Pre-emptive treatment helped curtail skin toxicity with panitumumab

January 16, 2009

With a pre-emptive, prophylactic skin regimen, patients who receive panitumumab for treatment of metastatic colorectal cancer may be able to avoid some of the skin-associated toxicities, according to data presented at the 2009 American Society of Clinical Oncology Gastrointestinal Cancers Symposium in San Francisco.

Edith Mitchell, M.D., a clinical professor in the Department of Medical Oncology at Jefferson Medical College of Thomas Jefferson University, presented data from the study, which was the first prospective study to compare pre-emptive and reactive skin treatment for skin toxicities related to panitumumab. The study was co-led by Dr. Mitchell and Mario Lacouture, M.D., an assistant professor of Dermatology at Northwestern University's Feinberg School of Medicine in Chicago.

Skin toxicities are the most common adverse effects related to panitumumab, which is a fully human monoclonal antibody that targets the epidermal growth factor receptor (EGFR). The toxicities could include erythema, dermatitis, pruritus, pustules, rash, and hair and nail changes.

"Panitumumab and the other EGFR inhibitors are now key components to the treatment strategies for metastatic colorectal cancer," Dr. Mitchell said. "But the majority of the patients who receive these agents suffer from skin toxicities, and for some patients, the treatment must be interrupted or discontinued. If we can prevent or minimize these toxicities, it would be a significant advance in patient care."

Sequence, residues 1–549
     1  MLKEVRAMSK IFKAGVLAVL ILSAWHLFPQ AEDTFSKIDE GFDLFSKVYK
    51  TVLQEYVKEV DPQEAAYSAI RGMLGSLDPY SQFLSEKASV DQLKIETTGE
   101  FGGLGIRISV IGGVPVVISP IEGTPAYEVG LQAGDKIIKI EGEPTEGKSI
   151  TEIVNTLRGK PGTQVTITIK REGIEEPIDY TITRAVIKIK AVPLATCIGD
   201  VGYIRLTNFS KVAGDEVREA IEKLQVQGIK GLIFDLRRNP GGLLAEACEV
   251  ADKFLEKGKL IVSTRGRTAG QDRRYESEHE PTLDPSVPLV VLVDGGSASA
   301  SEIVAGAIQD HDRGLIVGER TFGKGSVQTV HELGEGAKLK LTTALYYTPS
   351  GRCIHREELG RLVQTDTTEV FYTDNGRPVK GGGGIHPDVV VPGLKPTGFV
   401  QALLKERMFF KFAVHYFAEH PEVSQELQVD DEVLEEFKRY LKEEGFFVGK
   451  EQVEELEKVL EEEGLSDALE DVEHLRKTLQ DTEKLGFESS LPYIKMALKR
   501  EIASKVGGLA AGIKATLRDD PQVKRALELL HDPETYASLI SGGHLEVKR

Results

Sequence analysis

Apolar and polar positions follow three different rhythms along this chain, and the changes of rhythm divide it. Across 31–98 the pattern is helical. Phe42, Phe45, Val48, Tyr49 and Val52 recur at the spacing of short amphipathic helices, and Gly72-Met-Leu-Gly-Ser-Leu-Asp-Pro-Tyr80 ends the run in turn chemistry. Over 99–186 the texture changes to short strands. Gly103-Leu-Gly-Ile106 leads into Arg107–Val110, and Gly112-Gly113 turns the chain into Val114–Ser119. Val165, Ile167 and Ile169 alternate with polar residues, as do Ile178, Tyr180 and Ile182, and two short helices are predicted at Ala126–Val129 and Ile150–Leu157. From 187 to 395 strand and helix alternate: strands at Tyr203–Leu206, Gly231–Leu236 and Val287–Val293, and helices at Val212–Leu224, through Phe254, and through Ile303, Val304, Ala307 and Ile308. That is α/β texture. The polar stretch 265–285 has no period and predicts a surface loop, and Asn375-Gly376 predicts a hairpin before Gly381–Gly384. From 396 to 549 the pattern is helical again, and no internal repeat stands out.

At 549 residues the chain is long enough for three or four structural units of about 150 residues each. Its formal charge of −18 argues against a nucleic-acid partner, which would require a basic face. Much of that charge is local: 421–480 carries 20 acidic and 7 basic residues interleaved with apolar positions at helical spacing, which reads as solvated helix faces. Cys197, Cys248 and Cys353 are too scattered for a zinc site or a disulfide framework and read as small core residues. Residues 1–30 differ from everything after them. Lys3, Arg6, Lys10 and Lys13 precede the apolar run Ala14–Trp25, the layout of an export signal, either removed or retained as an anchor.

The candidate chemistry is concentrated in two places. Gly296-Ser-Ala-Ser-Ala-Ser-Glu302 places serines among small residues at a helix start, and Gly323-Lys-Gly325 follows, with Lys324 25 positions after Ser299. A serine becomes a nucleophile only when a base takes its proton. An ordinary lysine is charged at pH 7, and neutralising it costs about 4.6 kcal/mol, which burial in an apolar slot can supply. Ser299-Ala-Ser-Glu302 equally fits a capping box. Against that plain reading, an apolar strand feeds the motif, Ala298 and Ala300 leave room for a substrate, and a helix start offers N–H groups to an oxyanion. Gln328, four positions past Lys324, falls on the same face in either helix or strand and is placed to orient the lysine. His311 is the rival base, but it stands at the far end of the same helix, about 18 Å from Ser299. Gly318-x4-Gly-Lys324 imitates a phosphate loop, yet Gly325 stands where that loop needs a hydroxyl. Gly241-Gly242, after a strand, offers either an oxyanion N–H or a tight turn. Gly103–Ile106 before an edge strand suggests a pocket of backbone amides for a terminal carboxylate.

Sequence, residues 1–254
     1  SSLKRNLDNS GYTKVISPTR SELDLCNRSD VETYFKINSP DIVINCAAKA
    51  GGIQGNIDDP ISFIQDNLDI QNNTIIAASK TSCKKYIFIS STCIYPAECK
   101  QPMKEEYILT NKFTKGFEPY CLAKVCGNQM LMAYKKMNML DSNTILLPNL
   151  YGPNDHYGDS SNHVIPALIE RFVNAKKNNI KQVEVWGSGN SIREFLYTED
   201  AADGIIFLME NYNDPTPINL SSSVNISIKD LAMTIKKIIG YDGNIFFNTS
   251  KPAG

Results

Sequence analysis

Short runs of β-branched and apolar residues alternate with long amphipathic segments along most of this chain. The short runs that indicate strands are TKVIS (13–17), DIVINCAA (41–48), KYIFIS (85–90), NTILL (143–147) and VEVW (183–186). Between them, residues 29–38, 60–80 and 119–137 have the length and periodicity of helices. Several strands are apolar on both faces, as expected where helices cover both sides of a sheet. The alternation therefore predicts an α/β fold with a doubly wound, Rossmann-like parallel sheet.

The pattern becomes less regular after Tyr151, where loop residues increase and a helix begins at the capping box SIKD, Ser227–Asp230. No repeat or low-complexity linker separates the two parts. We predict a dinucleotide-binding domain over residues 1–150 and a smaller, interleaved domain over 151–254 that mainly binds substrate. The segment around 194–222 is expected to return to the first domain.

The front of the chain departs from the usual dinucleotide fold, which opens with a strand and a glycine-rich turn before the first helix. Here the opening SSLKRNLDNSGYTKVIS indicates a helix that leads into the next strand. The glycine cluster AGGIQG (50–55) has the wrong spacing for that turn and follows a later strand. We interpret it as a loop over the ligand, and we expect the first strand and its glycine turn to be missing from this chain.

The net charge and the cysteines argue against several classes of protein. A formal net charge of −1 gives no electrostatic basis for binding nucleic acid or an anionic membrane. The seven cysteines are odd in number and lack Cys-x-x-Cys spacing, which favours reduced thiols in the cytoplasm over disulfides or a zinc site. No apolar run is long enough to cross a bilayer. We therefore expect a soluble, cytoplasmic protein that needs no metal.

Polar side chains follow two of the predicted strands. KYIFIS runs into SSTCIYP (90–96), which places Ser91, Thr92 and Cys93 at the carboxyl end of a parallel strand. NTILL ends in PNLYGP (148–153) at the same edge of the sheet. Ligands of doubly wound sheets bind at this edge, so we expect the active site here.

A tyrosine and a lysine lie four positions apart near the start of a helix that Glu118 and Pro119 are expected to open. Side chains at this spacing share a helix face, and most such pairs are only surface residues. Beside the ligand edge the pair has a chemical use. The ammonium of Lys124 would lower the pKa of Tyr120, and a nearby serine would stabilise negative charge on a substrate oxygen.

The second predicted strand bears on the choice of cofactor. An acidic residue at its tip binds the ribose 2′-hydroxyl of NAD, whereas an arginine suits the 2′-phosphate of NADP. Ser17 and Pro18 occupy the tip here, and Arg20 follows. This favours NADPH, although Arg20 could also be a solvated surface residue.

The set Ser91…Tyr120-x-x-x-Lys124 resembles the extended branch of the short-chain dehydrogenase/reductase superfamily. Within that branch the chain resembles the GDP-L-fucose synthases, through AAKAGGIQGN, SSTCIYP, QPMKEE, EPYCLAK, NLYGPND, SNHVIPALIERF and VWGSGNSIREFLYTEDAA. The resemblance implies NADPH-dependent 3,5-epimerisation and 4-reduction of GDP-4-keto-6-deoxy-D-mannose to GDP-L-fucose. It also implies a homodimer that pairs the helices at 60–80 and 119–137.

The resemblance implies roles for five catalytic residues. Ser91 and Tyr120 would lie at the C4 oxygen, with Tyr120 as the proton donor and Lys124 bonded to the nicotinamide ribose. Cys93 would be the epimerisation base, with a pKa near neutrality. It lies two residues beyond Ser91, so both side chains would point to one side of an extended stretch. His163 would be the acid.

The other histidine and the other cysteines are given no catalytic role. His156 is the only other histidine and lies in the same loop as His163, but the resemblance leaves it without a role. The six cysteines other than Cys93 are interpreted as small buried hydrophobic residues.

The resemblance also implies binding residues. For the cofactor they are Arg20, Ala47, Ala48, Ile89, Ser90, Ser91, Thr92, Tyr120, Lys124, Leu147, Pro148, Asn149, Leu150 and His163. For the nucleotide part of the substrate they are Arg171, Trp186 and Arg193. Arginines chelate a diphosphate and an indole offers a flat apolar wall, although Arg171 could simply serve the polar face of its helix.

The researchers studied 95 patients receiving panitumumab in combination with irinotecan-based chemotherapy. The patients were randomized to receive pre-emptive skin toxicity treatment initiated 24 hours prior to the first dose of panitumumab, then given daily through week six, or reactive skin treatment after the skin toxicity developed. The skin treatment included moisturizers, sunscreen, topical steroids and oral doxycycline.

The primary endpoint was the incidence of specific grade 2 or higher skin toxicities during the six week skin treatment period. The incidence of these toxicities was reduced more than 50% in the group that received pre-emptive treatment.

Quality of life was also assessed, using the Dermatology Life Quality Index. Patients who received the pre-emptive, prophylactic skin treatment regimen reported an improved quality of life, even around week three, which was the median time to first grade 2 or higher skin toxicity in the reactive skin treatment group.

Source: Thomas Jefferson University

Explore further: Infrared thermography can detect joint inflammation and help improving work ergonomics

Related Stories

Scientists pioneer 3-D-printed drug delivering micro-needles

September 29, 2015

Researchers have developed a new technique to produce a 3D 'micro-printed' array of needles capable of drug delivery. The technique would offer a pain-free drug delivery device that would allow drugs to diffuse within the ...

Recommended for you

How the finch changes its tune

August 3, 2015

Like top musicians, songbirds train from a young age to weed out errors and trim variability from their songs, ultimately becoming consistent and reliable performers. But as with human musicians, even the best are not machines. ...

Machine Translates Thoughts into Speech in Real Time

December 21, 2009

( -- By implanting an electrode into the brain of a person with locked-in syndrome, scientists have demonstrated how to wirelessly transmit neural signals to a speech synthesizer. The "thought-to-speech" process ...


Please sign in to add a comment. Registration is free, and takes less than a minute. Read more

Click here to reset your password.
Sign in to get notified via email when new comments are made.